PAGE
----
The Living Archaeology of Húy̓at and Heiltsuk

Green College Staff

The Húy̓at Interactive Web Site is a living archive. An outcome of generations of knowledge, years of work and an entire history of the land and people, the website is an indication of a new direction for archaeology, one that “isn’t just about stone tools.”

The November 6th iteration of the Indigenous / Science UBC Research Cluster’s  Working Tools Seminar Series hosted a presentation entitled Voices on the Land: The Húy̓at Interactive Web Site featuring four voices behind the eight-year project: Dana Lepofsky, Jennifer Carpenter, Q̌íx̌itasu also known as Elroy White, and Mark Wunch.

The Húy̓at website is a form of archive that hosts more than artifacts or papers. As Lepofsky put it, when it came to compiling the knowledge of the Heiltsuk people and land, “writing scientific articles wasn’t going to cut it.”

The project’s collaborators, members of the Heiltsuk Nation, researchers from Simon Fraser University, the University of Victoria, and Greencoast Media, needed a way to blend together many different kinds of knowledge; oral traditions, archaeology, memories and language.

The result was a truly collaborative project, containing many voices and many people’s actions, which seeks to “reflect more fully Indigenous ways of knowing and being.”

Húy̓at is a place in the heart of Heiltsuk traditional territory, one that Lepofsky described as a place of learning and teaching. It is also one of the oldest archaeological sites in British Columbia. In 2017, archaeologists excavated a settlement on Triquet Island within traditional Heiltsuk Nation territory that dated back 14,000 years, reaffirming stories the Heiltsuk people have told for generations about their history.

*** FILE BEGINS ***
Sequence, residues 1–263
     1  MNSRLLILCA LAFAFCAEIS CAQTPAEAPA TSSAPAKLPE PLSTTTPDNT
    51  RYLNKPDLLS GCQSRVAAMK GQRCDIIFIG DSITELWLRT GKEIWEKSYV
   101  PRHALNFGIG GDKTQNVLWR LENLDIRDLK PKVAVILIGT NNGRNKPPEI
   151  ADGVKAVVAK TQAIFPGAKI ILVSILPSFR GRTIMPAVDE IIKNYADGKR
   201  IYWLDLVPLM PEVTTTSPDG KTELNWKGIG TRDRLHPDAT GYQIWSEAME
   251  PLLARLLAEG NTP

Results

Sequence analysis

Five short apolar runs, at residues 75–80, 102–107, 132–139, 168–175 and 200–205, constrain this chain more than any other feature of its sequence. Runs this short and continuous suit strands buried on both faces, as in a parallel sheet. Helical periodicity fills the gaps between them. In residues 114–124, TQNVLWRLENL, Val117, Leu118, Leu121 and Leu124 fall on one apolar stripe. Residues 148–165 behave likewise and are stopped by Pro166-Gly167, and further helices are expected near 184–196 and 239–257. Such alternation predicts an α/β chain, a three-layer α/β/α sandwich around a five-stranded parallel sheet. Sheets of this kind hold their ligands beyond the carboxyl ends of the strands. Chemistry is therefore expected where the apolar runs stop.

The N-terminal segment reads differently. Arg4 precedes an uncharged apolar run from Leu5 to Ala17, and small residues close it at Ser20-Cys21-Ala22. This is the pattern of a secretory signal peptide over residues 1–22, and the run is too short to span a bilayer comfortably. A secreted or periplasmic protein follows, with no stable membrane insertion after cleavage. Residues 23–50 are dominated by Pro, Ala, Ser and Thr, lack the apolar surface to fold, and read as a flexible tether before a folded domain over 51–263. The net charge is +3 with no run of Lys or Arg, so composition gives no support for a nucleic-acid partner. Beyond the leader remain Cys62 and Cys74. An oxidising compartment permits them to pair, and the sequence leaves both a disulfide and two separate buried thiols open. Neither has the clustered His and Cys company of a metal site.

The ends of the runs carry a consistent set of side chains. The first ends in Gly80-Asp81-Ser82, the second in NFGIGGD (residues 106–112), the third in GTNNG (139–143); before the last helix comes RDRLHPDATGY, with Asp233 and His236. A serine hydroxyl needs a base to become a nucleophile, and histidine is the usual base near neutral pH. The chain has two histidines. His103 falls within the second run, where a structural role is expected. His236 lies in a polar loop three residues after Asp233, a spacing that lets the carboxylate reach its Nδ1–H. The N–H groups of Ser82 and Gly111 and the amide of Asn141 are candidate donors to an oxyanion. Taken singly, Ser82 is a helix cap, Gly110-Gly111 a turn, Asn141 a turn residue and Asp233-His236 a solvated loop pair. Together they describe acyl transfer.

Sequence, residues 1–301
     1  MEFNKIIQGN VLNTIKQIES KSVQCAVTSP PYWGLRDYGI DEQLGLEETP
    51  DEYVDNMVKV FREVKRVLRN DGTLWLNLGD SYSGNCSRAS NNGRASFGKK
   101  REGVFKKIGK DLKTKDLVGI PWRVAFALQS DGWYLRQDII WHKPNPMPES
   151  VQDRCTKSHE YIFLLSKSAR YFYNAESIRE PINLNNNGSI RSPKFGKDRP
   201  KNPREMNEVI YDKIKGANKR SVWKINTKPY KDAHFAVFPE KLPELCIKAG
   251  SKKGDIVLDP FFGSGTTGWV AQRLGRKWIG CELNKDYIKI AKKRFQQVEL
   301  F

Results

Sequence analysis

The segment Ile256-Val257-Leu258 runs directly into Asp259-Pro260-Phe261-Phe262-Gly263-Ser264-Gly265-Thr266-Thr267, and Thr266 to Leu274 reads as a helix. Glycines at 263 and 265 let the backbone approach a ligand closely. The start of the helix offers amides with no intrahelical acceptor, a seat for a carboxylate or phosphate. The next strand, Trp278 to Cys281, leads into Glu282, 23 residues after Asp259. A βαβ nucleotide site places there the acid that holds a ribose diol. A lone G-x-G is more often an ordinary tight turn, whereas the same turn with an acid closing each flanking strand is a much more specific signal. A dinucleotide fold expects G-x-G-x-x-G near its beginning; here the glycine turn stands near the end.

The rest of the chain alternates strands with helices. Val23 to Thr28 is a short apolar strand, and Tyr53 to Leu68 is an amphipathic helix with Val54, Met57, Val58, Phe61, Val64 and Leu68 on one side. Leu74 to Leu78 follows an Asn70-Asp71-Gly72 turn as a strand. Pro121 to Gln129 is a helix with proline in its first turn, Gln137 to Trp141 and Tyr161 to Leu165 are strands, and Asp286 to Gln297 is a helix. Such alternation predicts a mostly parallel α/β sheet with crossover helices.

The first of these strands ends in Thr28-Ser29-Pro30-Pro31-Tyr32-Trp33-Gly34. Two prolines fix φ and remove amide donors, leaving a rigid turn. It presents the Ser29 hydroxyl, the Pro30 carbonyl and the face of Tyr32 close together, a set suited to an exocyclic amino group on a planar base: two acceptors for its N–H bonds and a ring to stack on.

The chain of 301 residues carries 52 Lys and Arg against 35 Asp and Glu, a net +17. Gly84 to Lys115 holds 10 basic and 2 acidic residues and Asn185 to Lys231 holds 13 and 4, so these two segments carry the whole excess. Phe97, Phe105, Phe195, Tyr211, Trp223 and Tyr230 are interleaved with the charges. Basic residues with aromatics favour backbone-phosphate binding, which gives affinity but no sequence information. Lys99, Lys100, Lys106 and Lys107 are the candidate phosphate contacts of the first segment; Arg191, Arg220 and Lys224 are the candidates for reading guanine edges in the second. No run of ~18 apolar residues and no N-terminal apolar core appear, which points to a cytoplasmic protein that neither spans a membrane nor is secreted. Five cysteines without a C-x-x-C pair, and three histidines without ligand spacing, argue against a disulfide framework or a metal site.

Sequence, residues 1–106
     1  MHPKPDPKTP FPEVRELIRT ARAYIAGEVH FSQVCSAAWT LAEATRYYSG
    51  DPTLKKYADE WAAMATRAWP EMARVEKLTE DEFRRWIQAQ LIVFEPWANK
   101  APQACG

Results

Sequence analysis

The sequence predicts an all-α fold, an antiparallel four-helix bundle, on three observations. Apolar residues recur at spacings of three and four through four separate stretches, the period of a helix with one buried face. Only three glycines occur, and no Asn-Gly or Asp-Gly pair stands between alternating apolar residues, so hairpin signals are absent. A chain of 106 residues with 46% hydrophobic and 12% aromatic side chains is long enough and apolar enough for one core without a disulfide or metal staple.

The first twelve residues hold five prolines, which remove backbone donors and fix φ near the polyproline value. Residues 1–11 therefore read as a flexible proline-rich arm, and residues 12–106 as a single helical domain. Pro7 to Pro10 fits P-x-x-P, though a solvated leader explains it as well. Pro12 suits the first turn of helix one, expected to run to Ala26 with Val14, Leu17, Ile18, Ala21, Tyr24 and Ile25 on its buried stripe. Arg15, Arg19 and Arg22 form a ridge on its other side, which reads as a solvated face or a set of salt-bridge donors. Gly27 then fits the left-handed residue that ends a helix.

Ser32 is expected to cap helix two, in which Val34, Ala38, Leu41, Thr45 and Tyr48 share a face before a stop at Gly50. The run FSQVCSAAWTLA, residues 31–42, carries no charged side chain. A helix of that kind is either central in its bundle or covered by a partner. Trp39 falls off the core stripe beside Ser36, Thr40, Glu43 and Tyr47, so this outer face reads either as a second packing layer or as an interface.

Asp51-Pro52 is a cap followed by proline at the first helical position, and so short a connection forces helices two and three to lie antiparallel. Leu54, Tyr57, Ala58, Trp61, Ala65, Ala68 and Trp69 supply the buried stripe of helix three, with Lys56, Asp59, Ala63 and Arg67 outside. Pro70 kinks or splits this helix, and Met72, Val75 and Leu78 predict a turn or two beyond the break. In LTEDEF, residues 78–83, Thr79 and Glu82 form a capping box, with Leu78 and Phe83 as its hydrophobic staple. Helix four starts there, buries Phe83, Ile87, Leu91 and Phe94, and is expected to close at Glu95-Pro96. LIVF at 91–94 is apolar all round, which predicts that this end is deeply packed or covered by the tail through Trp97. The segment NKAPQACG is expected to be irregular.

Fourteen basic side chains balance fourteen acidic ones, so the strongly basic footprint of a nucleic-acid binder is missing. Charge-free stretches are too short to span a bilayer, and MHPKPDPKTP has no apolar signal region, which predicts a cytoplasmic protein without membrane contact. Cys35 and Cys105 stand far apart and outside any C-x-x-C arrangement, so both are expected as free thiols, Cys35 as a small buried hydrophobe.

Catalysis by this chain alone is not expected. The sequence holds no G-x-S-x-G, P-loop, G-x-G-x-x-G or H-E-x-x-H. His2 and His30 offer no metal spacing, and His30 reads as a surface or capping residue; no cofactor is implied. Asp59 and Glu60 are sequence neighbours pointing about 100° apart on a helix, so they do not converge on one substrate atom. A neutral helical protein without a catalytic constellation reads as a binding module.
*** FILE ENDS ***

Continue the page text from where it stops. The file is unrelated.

The website is not simply a collection of archaeological finds and historical data though. It contains recorded interviews with present day members of the Nation recounting oral histories, a virtual three-dimensional tour of ancient settlements at Húy̓at, the genealogy of Máǧaǧa a famous matriarch of the Heiltsuk people, and more than can be listed here. We encourage you to visit the site and find out for yourself.

Projects like the Húy̓at website have important possibilities for the future of learning and education for members of the Heiltsuk Nation, who can turn to this living archive to find their own history, as well as for others. With British Columbia increasingly teaching Indigenous histories in public school curriculums, this project can be a valuable tool for teachers unfamiliar with how to negotiate material.  

This website is not just the product of an eight-year collaboration, but one outcome of years and years of efforts to preserve and protect Indigenous knowledge, memory and language. It steps forwards in an attempt to bridge the gap between Indigenous awareness and Western science, not just holding knowledge but reasserting Heiltsuk rights and title to their traditional territories.

by: Jane Willsie, Department of English Language and Literature, UBC; Green College Work Learn Content Writer, 2020-21


You can find more information about the Working Tools Seminar Series: Community-Facing Data Management Platforms for Indigenous-University Partnerships here: 

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